We see three things:
1. Thankfulness to God
2. Service with a clear conscience
3. Constant prayerfulness

Paul begins with perhaps the most important and the most neglected of disciplines that should mark the Christian’s life.

Paul Tripp wrote an article for Thanksgiving in which he contrasts the “entitled complaining” person with the “humble thankful” person. Either we are being a person who thinks he or she deserves more or better and so we complain, or we are being one who knows we deserve nothing good and are therefore thankful for what God has given us. Do you think you deserve more or do you know you deserve less? Are we satisfied with what God says is right for us or do we believe that God has gotten it wrong and has failed to give us what we want or need?

Do you remember Paul’s confident words to the Philippian church about their needs? In Philippians 4:19 Paul said this to them: “And my God will supply every need of yours according to his riches in glory in Christ Jesus.” Paul said this to them just after stating that he himself was well supplied, that he had received plenty for himself. He was basically saying that he had all he needed, this of course while sitting in prison and suffering physically more than you and I would probably understand. He was in fact in a perfect sort of situation that would call for complaining. But he refused to and instead acknowledged that God was supplying his needs, that he could be content where he was. And so he passes those thoughts on and reminds the church that God will also supply their needs.

You know, we say this all the time. We say things like, “God will provide” or, “God knows what is best and gives what we need.” We say things like that, but do we mean it, and can we say that and be truly content and even joyful? Or are we saying those things and grumbling or fretting on the inside? It is not enough to say what is true. We are to believe what is true, really believe it!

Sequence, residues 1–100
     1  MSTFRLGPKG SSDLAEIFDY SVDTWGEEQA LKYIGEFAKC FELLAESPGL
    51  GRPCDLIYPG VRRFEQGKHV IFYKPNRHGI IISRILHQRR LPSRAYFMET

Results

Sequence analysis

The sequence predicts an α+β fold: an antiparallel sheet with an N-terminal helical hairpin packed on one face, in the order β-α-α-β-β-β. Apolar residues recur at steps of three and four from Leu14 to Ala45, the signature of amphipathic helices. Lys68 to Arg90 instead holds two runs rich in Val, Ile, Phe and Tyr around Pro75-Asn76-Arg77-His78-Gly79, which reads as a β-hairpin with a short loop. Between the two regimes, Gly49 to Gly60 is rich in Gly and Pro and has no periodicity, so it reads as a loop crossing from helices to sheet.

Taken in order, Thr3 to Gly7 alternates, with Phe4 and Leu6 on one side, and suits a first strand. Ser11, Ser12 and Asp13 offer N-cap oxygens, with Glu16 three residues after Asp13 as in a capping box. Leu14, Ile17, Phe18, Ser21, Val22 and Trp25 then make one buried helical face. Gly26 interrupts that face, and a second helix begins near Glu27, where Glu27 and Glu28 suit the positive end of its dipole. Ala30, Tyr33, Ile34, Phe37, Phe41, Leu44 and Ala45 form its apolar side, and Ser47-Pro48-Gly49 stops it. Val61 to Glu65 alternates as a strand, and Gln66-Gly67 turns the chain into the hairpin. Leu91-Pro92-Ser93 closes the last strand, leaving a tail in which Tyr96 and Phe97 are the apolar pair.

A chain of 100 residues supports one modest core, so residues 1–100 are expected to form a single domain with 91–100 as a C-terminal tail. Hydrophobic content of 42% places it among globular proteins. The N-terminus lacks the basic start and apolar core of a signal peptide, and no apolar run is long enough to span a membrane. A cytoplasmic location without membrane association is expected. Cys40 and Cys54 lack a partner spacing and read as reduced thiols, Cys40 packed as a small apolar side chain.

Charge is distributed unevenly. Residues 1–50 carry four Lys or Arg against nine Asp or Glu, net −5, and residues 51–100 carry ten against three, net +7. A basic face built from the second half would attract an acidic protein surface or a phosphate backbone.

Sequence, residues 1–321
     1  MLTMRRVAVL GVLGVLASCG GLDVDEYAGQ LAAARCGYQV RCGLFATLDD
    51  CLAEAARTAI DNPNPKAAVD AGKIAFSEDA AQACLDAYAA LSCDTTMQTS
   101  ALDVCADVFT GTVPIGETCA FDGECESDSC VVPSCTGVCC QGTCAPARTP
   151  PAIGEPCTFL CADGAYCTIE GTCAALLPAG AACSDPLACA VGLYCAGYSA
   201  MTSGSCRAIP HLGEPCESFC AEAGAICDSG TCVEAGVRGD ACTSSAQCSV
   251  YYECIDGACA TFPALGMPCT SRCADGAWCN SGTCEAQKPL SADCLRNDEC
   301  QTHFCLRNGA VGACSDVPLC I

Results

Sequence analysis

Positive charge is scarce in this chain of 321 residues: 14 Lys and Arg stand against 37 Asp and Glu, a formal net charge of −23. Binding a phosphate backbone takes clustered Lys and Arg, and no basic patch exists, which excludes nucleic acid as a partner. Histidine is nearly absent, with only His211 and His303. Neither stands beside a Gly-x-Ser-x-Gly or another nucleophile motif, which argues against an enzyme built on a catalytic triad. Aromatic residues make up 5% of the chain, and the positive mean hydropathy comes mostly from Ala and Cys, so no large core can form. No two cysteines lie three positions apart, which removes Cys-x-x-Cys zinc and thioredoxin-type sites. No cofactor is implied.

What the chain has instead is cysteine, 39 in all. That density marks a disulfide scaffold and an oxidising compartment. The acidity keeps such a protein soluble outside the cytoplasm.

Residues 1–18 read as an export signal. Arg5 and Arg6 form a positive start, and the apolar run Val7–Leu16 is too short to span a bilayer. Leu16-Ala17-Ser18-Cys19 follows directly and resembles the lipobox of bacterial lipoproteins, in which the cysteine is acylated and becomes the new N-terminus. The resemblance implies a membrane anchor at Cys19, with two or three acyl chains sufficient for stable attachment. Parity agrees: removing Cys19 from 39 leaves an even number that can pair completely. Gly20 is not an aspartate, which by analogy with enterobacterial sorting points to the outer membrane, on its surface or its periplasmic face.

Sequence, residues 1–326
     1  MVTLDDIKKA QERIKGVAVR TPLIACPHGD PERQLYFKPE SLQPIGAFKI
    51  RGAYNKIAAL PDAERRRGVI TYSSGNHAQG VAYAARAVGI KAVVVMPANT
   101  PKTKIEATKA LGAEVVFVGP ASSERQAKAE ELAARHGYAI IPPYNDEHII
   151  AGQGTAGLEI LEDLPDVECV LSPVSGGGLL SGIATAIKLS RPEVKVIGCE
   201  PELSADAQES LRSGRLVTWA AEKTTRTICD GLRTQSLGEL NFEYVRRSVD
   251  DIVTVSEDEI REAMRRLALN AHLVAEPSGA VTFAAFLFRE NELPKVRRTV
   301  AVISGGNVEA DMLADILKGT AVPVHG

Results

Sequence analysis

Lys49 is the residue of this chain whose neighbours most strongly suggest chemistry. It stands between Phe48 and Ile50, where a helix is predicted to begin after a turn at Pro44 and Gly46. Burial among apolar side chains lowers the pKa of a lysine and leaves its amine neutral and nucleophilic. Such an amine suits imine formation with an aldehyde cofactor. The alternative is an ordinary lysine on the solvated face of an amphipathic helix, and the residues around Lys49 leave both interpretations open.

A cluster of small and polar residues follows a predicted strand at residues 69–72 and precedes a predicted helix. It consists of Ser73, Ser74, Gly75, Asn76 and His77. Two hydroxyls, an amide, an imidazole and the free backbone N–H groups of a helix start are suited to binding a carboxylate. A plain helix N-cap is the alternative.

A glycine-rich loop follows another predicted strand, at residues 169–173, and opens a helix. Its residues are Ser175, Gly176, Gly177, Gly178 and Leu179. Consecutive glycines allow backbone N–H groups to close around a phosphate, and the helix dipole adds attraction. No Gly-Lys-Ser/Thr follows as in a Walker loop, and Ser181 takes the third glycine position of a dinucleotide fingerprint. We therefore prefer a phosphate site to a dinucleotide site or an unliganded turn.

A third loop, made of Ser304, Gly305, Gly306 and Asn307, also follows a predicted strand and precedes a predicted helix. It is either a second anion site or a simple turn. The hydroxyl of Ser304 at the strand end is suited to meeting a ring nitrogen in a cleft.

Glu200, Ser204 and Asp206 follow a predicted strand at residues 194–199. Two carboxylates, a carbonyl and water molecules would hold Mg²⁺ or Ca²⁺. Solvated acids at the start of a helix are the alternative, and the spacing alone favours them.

Some of you are in really hard places in life right now, I know that. Money is tight, relationships aren’t what you had hoped for, the future looks bleak, physically you are not well, for many reasons life may be hard for you, I understand that. We all have trials going on, some more severe than others. But where is God in our trials? Is He really supplying all of our needs? Is He really doing what is best for us? If He is, and He is, and if we really believe that, then we will live contented lives and we will be thankful.

I know it can be a struggle, believe me, I know. But as soon as we take our eyes off of our gracious God, we fall into complaint and into an entitlement mentality. That is a miserable place to be, if you are there then you know that. There is perhaps nothing more frustrating than thinking we really deserve something that we are not getting. The truth is, for the Christian, this does not happen. Well, that is not exactly true. We aren’t getting some things that we really deserve. We aren’t getting God’s wrath, we aren’t getting God’s just sentence against us, we aren’t getting hell. But as for all the good things in life, we are getting what is good and what is best for us.

Tripp in his article gives thirteen questions to consider for self-evaluation. Thirteen questions to ask that can help us see where we are regarding being thankful or being a complainer. Here they are:

  1. Would the people who live nearest to you characterize you as a complaining person or a thankful person?
  2. When was the last time you sat down to literally count your blessings?
  3. When was the last time you spent time grumbling, moaning and complaining about life?
  4. When you look at your world, are you pessimistic about everything that’s going wrong?
  5. When you look at your world, do find yourself celebrating God’s common grace?
  6. Do you view yourself as one who has been constantly short-changed and neglected?
  7. Do you view yourself as one who has been unfairly showered with blessings?
  8. How often do you fill in the blank with grumbling, like “If only I had _____” or “I wish _______ was different”?
  9. How often do you fill in the blank with gratitude, like “I can’t believe God has given me _________”?
  10. In your relationships, are you encouraging friends and family to continue their grumbling?
  11. In your relationships, are you encouraging friends and family to find reasons to give thanks to God?
  12. In your relationships, do you find yourself frequently tearing others down?
  13. In your relationships, do you find yourself frequently building others up?

Living in a spirit of thanksgiving toward God will help us to serve Him with a clear conscience.